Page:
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29 August 2019
History of safe harbour rule under Anti-money Law
How does safe harbour rule benefit IP-related monopoly agreements?
De facto exception for hardcore monopoly agreement
Implications of safe harbour rule
Why does safe harbour rule not apply to all monopoly agreements?
On 1 July 2019 the State Administration for Market Supervision (SAMR) promulgated the following anti-monopoly regulations:
All three regulations will be formally implemented on 1 September 2019.
The regulations aim to address a number of issues, including the irregular enforcement standards which arose under China's three previous antitrust authorities. The regulations also aim to enhance the operability and transparency of Anti-monopoly Law enforcement in China.
Of the three regulations, the Interim Provisions for Prohibiting Monopoly Agreements have attracted the most attention. On 3 January 2019 the SAMR issued a draft of the provisions which introduced a safe harbour clause for non-IP-related monopoly agreements. This mechanism was the subject of considerable discussion and was expected to have a significant impact on China's antitrust practice. However, the safe harbour clause was removed from the final version of the provisions promulgated in July.
As debate continues as to whether to introduce a safe harbour clause to Chinese legislation – be that now or in the future (comments from relevant stakeholders are currently being solicited on amendments to the Anti-monopoly Law). Therefore, this article examines:
The safe harbour rule was first initiated in China on 7 April 2015, when it was included in the previous State Administration for Industry and Commerce's Rules on the Prohibition of Eliminating or Restricting Competition by Abuses of Intellectual Property Rights, which remain in full effect. The safe harbour provided for in these rules is designed to be a protective mechanism against certain competition restraints which unreasonably leverage IP rights in China.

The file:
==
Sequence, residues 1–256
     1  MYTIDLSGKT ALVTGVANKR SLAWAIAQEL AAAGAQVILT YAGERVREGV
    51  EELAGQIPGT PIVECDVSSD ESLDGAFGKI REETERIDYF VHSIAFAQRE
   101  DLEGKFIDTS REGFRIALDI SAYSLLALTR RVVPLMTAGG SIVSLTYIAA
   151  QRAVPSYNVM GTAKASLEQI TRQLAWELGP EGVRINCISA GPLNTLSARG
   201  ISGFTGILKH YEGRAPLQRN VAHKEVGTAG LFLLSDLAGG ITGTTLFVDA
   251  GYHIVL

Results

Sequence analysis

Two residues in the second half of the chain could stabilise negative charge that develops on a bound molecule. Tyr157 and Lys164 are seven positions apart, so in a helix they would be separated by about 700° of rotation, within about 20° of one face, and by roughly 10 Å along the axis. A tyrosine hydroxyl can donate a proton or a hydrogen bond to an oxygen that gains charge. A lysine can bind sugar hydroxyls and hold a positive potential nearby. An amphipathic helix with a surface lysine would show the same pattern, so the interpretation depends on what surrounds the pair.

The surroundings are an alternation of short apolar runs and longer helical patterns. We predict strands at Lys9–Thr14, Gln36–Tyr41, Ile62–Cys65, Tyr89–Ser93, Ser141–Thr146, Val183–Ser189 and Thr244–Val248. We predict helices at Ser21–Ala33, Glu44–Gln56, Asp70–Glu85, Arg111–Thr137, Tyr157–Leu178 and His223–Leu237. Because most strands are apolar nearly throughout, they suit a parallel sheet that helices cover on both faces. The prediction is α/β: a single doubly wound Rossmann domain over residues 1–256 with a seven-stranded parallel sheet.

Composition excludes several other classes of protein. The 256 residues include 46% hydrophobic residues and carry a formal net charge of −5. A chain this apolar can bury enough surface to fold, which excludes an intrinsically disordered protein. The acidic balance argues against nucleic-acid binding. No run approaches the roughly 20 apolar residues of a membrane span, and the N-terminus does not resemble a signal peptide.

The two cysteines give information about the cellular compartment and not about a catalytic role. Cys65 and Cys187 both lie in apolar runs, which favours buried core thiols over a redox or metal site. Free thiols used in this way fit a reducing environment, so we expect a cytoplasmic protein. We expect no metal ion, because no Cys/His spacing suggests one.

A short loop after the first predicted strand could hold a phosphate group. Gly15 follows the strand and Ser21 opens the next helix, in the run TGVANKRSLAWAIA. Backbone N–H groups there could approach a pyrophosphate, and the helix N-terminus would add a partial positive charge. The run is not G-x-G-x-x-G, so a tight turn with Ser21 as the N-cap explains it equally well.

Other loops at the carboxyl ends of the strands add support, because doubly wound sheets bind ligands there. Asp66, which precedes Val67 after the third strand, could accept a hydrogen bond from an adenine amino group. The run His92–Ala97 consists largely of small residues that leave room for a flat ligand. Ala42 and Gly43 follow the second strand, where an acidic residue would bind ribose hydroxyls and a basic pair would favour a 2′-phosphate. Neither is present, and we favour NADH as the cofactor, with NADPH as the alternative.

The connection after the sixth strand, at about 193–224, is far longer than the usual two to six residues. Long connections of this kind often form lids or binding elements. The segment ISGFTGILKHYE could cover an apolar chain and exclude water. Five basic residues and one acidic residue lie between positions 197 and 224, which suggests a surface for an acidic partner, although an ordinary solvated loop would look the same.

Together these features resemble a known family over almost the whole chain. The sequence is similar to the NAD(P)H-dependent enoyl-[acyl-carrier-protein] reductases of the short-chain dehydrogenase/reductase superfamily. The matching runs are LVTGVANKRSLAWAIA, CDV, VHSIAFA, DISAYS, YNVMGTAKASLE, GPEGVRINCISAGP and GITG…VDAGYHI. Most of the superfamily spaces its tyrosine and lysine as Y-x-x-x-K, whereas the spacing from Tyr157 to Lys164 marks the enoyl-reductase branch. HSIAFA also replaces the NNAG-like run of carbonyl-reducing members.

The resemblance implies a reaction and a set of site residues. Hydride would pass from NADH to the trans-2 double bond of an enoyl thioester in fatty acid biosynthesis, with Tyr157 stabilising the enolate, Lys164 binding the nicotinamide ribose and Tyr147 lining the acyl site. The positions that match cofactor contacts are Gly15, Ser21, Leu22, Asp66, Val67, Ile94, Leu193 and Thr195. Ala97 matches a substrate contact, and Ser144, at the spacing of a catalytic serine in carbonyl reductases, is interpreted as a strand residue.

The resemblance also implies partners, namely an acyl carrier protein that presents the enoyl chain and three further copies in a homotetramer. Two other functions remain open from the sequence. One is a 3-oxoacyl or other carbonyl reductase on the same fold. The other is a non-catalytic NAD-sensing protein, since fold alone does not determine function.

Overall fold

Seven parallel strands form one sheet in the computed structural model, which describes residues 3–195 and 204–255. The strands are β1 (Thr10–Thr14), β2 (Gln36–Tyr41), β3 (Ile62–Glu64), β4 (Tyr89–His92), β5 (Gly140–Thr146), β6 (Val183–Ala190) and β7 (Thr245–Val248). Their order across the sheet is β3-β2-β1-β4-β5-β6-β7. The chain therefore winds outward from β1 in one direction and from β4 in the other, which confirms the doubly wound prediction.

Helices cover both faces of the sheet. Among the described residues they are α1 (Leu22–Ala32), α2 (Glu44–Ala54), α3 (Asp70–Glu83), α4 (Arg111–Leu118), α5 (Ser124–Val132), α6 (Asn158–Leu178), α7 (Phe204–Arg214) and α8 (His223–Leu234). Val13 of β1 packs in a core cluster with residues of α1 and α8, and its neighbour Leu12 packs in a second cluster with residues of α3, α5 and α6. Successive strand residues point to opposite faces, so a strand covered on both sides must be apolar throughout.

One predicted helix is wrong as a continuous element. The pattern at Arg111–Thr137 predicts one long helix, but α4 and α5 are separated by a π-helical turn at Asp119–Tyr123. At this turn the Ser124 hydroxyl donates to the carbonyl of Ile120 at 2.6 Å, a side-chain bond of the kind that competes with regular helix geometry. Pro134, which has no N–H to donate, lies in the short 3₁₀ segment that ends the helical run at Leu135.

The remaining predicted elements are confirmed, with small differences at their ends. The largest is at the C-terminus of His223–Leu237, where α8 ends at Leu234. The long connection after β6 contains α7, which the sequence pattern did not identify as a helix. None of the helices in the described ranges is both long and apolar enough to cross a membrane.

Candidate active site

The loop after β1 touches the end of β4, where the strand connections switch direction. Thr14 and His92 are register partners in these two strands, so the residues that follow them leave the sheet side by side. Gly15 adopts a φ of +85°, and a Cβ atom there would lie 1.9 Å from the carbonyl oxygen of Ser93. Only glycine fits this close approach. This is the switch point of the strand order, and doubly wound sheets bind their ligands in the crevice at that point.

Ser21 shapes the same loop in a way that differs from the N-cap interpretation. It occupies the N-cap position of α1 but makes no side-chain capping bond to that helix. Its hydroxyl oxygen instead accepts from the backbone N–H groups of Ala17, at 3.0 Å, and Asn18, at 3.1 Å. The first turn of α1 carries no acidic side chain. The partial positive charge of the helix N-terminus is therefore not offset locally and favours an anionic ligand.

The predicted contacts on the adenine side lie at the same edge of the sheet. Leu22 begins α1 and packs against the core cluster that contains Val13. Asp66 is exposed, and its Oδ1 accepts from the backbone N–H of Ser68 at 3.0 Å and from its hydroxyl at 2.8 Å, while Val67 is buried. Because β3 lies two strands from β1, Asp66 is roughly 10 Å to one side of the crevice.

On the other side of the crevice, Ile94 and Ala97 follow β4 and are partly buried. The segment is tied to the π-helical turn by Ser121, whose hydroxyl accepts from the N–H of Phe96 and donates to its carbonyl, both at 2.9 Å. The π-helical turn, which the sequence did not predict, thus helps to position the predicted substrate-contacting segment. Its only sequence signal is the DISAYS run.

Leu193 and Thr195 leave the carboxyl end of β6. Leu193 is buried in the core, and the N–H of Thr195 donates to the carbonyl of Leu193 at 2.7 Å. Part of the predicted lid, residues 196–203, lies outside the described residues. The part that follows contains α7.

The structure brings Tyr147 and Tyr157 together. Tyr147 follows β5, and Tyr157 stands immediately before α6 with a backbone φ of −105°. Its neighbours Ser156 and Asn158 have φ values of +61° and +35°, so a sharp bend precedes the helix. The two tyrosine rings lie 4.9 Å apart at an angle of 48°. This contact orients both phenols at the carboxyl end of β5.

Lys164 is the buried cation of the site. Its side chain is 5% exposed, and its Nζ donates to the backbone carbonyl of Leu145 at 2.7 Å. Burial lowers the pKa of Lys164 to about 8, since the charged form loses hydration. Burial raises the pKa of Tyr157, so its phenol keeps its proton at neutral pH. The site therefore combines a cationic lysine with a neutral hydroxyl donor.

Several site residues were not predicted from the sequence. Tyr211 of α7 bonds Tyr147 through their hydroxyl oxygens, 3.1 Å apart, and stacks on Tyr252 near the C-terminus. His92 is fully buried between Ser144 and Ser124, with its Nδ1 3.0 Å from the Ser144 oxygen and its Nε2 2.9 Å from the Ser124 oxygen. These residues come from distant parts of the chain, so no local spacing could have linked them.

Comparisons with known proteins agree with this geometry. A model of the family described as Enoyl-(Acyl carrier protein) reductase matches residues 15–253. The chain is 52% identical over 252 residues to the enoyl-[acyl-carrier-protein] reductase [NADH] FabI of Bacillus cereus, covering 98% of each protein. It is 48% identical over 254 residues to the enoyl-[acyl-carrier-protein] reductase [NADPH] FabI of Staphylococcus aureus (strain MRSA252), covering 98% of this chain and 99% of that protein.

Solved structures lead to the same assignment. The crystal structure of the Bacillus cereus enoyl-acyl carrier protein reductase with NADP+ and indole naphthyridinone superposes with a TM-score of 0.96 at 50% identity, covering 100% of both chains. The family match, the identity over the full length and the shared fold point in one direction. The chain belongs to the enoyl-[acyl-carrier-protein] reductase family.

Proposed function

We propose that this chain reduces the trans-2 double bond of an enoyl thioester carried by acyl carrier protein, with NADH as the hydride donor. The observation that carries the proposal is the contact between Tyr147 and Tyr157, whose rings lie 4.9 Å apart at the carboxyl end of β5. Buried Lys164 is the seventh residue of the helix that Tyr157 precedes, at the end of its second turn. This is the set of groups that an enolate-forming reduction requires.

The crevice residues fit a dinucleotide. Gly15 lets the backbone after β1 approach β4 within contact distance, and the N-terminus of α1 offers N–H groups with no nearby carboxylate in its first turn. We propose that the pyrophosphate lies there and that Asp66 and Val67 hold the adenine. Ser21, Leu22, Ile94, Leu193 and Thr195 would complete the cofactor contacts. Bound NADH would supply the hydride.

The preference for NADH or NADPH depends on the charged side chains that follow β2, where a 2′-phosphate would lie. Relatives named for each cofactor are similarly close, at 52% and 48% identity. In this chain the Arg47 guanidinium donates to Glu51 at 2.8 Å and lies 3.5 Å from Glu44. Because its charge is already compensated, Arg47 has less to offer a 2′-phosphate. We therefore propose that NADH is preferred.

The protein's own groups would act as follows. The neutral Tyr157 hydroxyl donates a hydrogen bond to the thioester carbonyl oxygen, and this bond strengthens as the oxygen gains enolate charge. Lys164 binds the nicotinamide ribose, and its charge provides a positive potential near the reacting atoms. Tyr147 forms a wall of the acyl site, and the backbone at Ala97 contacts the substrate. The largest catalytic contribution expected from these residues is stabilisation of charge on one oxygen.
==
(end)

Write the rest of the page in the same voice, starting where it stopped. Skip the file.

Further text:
At present, the above safe harbour rule applies only to IP-related monopoly agreements. Article 5 of the rules provides that, when an undertaking which satisfies the applicable market share threshold exercises its IP right, this will not be deemed a violation under the Anti-monopoly Law unless there is evidence demonstrating that such act has eliminated or restricted market competition. To satisfy the market share threshold, the following requirements must be met:
Enforcement-wise, the Chinese antitrust authorities have traditionally focused their attention on hardcore monopoly agreements. As the safe harbour rule does not generally apply to such agreements, some have argued that it is not as meaningful as expected. In China, horizontal monopoly agreements (eg, price fixing, output limitation market allocation agreements and restrictions on new technology and boycotting) and vertical monopoly agreements (eg, resale price maintenance agreements) can be deemed to be hardcore.
The abovementioned provisions do not imply that agreements by undertakings with a market share which exceeds the relevant threshold will be found to violate the Anti-monopoly Law. However, unlike in the European Union, the Chinese competition authority can open a full-blown antitrust investigation into an agreement which falls within the scope of the safe harbour.